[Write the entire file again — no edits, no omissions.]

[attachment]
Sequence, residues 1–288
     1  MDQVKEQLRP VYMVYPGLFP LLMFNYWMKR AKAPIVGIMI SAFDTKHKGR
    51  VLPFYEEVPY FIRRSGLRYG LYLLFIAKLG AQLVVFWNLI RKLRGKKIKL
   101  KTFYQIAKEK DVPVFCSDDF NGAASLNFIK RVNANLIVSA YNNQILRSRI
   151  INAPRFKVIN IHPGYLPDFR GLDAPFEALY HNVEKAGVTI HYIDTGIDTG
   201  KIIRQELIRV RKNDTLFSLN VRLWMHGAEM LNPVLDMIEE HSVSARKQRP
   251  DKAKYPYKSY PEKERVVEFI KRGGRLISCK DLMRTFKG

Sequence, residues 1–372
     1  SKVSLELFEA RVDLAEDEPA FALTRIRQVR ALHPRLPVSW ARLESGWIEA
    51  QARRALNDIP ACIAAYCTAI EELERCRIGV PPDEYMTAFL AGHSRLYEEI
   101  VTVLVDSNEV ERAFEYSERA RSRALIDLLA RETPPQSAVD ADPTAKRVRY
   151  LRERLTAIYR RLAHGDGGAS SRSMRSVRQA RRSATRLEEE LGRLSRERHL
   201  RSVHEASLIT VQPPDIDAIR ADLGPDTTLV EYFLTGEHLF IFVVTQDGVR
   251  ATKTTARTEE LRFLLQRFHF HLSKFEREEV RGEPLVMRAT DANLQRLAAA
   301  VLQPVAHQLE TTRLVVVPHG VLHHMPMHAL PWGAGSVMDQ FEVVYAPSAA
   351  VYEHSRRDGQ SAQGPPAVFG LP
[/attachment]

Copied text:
Sequence, residues 1–288
     1  MDQVKEQLRP VYMVYPGLFP LLMFNYWMKR AKAPIVGIMI SAFDTKHKGR
    51  VLPFYEEVPY FIRRSGLRYG LYLLFIAKLG AQLVVFWNLI RKLRGKKIKL
   101  KTFYQIAKEK DVPVFCSDDF NGAASLNFIK RVNANLIVSA YNNQILRSRI
   151  INAPRFKVIN IHPGYLPDFR GLDAPFEALY HNVEKAGVTI HYIDTGIDTG
   201  KIIRQELIRV RKNDTLFSLN VRLWMHGAEM LNPVLDMIEE HSVSARKQRP
   251  DKAKYPYKSY PEKERVVEFI KRGGRLISCK DLMRTFKG

Sequence, residues 1–372
     1  SKVSLELFEA RVDLAEDEPA FALTRIRQVR ALHPRLPVSW ARLESGWIEA
    51  QARRALNDIP ACIAAYCTAI EELERCRIGV PPDEYMTAFL AGHSRLYEEI
   101  VTVLVDSNEV ERAFEYSERA RSRALIDLLA RETPPQSAVD ADPTAKRVRY
   151  LRERLTAIYR RLAHGDGGAS SRSMRSVRQA RRSATRLEEE LGRLSRERHL
   201  RSVHEASLIT VQPPDIDAIR ADLGPDTTLV EYFLTGEHLF IFVVTQDGVR
   251  ATKTTARTEE LRFLLQRFHF HLSKFEREEV RGEPLVMRAT DANLQRLAAA
   301  VLQPVAHQLE TTRLVVVPHG VLHHMPMHAL PWGAGSVMDQ FEVVYAPSAA
   351  VYEHSRRDGQ SAQGPPAVFG LP